quickly determine the tsunami-potential of an earthquake.
are issued based initially on this first analysis of seismic data.
a tsunami may have been generated, sea level data, tsunami models, and
historical tsunami information are analyzed to estimate impact level.
on impact estimations, supplemental messages are issued.
How are tsunami messages issued?
are broadcast through standard National Weather Service (NWS)
dissemination methods such as the NOAA Weather Radio-All Hazards, the
Emergency Alert System, and the Emergency Managers Weather Information
Emergency Service Agencies receive the message through the FEMA National
Warning System and the NOAA Weather Wire. The states immediately pass warnings to local jurisdictions.
US Coast Guard relays the message via radio.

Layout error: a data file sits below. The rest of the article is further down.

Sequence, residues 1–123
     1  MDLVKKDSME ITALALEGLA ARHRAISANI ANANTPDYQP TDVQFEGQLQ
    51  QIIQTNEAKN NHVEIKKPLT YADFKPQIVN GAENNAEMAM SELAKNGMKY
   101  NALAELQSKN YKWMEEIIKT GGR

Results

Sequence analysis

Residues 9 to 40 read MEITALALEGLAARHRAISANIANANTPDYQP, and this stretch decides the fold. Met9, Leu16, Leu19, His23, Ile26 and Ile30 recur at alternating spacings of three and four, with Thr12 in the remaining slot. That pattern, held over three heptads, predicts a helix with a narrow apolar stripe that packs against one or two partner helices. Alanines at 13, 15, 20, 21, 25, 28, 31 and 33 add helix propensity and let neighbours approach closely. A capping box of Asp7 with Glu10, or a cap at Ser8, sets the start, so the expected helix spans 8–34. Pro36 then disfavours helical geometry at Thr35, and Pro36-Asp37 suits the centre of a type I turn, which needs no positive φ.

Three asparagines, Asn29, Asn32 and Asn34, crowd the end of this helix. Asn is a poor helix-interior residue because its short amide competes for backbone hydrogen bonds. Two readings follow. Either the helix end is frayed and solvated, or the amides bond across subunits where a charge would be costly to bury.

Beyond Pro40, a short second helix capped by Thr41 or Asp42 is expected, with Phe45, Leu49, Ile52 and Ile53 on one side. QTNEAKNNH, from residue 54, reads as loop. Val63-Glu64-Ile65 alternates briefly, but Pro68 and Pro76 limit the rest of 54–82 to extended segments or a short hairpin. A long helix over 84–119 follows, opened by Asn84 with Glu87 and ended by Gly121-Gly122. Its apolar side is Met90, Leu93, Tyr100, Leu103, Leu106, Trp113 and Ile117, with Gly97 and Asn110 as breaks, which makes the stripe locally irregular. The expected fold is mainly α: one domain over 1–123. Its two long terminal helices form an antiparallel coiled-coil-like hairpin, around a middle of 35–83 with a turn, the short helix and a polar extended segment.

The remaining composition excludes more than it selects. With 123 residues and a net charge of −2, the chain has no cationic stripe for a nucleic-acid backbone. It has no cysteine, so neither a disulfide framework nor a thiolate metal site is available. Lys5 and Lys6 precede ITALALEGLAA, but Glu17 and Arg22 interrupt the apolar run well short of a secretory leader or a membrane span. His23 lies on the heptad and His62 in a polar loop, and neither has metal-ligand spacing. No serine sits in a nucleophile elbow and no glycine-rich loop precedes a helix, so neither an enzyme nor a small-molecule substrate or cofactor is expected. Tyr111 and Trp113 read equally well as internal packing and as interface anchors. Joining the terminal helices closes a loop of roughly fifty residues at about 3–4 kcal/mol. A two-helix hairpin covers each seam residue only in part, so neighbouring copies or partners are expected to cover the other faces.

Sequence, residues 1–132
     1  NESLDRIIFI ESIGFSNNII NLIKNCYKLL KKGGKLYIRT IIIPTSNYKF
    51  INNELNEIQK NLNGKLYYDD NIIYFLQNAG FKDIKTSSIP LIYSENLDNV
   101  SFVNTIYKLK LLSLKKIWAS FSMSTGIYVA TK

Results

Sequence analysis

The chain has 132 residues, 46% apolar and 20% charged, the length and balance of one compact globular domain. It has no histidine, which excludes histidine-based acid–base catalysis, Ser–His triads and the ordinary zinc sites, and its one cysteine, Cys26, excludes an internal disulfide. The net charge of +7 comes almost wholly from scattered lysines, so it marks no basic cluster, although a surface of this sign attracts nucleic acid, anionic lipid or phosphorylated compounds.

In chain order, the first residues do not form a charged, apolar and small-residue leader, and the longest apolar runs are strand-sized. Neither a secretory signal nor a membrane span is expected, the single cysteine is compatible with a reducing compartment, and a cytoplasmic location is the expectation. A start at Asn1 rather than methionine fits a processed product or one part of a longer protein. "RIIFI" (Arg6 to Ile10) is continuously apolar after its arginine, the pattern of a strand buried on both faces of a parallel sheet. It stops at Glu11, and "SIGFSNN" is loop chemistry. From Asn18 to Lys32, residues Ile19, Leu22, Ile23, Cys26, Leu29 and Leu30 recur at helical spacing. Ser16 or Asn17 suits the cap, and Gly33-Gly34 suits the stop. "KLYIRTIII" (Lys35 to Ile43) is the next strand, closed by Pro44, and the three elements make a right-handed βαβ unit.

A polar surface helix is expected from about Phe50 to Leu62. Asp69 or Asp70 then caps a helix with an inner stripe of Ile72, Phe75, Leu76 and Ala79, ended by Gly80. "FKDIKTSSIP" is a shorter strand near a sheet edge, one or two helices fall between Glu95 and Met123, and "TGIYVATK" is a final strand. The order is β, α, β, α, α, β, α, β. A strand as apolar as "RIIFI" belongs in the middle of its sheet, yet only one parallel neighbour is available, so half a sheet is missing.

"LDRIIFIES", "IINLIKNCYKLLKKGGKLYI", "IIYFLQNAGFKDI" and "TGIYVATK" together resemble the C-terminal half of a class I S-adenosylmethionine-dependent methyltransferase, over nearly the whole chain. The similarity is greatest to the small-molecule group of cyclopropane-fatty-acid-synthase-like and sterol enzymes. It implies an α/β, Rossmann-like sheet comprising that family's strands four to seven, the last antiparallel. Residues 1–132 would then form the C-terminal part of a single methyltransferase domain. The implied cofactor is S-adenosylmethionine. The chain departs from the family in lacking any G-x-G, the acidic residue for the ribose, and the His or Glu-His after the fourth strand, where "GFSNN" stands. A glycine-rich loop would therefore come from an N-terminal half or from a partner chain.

warnings are posted on the WC/ATWC and NWS web sites and are issued
through a public e-mail list server (http://wcatwc.arh.noaa.gov/).
coastal communities supplement the basic notification systems with sirens,
automatic phone messaging systems, etc. Contact your local emergency management officials to determine
Can the WC/ATWC predict earthquakes and
- No, earthquakes cannot be predicted.
- Once an earthquake has occurred, the arrival time of
a tsunami, if generated, can be determined accurately.
is not normally enough time to accurately predict tsunami heights near the
source. Away from the source,
tsunami wave heights can be estimated based on mathematical tsunami models
and observed wave heights.
What was the biggest earthquake ever